Five responses to the ‘Problem of (Natural) Evil’


  • Question 181, from Emma

    I am doing a talk on suffering. I want to focus on WHY there is suffering if God is a loving, omnipotent, omniscient God and in particular why God would plan a world where earthquakes etc. would be necessary (yet cause deaths and pain)? I understand to a certain extent how man-made suffering comes about as a result of free will but please explain a bit more about natural suffering.

    The issue of evil that appears to be naturally occurring is a taxing one. It seems arbitrary and inconsistent with the Christian assertion that God is good and created the world as a ‘good’ world for humans to live in.

    There have been a number of attempts to provide an explanation for ‘natural evil’. Some are more convincing than others, and there is no definitive answer that conclusively answers the question. Here is a brief introduction to five approaches that have been used.

    1)      ‘Natural evil’ as an extension of moral evil.

    Christians who believe in a literal ‘Fall of Man’ as an historical event will be more comfortable with this, but there is good Biblical support for the idea that natural evil occurs as a result of human sin ‘marring the cosmos’. The pronouncement of judgement on Adam and Eve in Genesis chapter 3 includes statements that imply a change in the natural order – for example thorns and weeds will affect agriculture.

    Romans chapter 8, verse 21 implies that Christ’s redemptive act will also ‘liberate’ creation “from its bondage to decay”, implying a restoration of the world to a state where natural evil does not exist.

    2)      ‘Natural evil’ is part of the world because the world is in a ‘process of creation’

    This idea implies that the world has not yet come into its fullness and therefore is still affected by chaos. In a ‘process theology’, God is similarly ‘becoming’, which explains the difference in the revealed character and nature of God in the Old and New Testaments. ‘Natural evil’ is part of the natural process of the world, as would be the evolution of species, and the emergence of a race that God could relate to and could work with to bring about the full realisation of a perfect world.

    3)      ‘Natural evil’ is only evil because we ascribe moral judgements to natural acts

    There is a strong argument that pain is useful. It tells us if there is disease, or warns us away from things that could harm (e.g. fire). Similarly, tectonic plates are useful because on a geological scale they keep things moving. Earth is a dynamic planet. Earthquakes and volcanic eruptions release important chemicals into the planet-wide ecosystem. The pressure associated with a changing planetary surface produces useful minerals and heavy metals.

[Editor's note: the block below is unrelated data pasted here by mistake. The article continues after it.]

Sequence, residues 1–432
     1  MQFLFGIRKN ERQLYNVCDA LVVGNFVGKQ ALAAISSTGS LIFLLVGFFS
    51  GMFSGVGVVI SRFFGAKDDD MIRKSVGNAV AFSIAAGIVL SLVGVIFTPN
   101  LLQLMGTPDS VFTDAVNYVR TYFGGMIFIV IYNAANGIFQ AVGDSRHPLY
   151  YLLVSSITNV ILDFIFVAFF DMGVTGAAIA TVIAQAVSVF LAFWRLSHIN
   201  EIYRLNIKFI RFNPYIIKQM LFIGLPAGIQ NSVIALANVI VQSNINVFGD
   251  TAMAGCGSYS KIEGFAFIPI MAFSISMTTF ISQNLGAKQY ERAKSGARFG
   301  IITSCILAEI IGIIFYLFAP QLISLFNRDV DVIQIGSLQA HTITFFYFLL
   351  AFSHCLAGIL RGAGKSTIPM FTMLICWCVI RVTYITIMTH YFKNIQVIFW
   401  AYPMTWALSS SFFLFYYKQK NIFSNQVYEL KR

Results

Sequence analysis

Seen within this wider context, seismic activity is very useful. The trade-off is that sometimes human beings get caught up in these useful processes and are killed as a result. However, as a race we are wealthy enough to build earthquake-proof buildings, develop tsunami warnings and mitigate the worst effects of living on a dynamic planet. It is fairly obvious that earthquakes and any other natural disaster cause the most damage in the poorest communities, so there is an element of ‘moral evil’ here as well. The impact of earthquakes and other natural disasters could be lessened by ‘good’ human actions.

    4)      Natural evil exists as a means of maturing human beings

    This is quite a popular response to the issue of evil. It has often been based on a phrase by the poet John Keats: “Call the world if you please ‘The Vale of Soul-making’. Then you will find out the use of the world” [1]

    Keats seems to have believed that the struggle to overcome and negate ‘evil’ helped humans develop their rudimentary intelligence (or spark of the divine) into a fully-fledged ‘soul’. Although Keats rejected Christianity, his idea was used by the religious philosopher John Hick (1922-2012) in his book Evil and the God of Love (originally published in 1966), as a way of explaining why a loving God would allow suffering.

    Suffering causes human beings to create, invent, overcome adversity, gain moral insight, support one another, show compassion, gain humility and many other ‘noble’ characteristics. However, this argument has been criticised for implying that God ‘allows’ many human beings to suffer simply because that enables either them or others to ‘grow’. This does seem a harsh method.

    5)      God is the author of everything, even those things humans may regard as evil, but God’s will should not be questioned

    This is not a popular view within Christian thought, but can be found in some theological systems, notably Calvinism and similar theologies with a strong emphasis on predestination. According to this view, humans are incapable of understanding the purposes of God and suggesting that God could do a better job of running the world is symptomatic of human sinful arrogance. ‘Natural evil’ therefore does not exist; what humans perceive as ‘evil’ is the result of sin obscuring their understanding of God.

    Conclusion

    There are many different approaches to this issue and in all probability Christians who have considered it will have adopted a hybrid of a few of these different approaches, while rejecting some of the others.

    The challenge to continue affirming faith in God’s goodness despite the fact of natural disasters will probably always be a major philosophical and theological issue within Christianity.

    References

    [1] In a letter to George and Georgiana Keats, April 1819.

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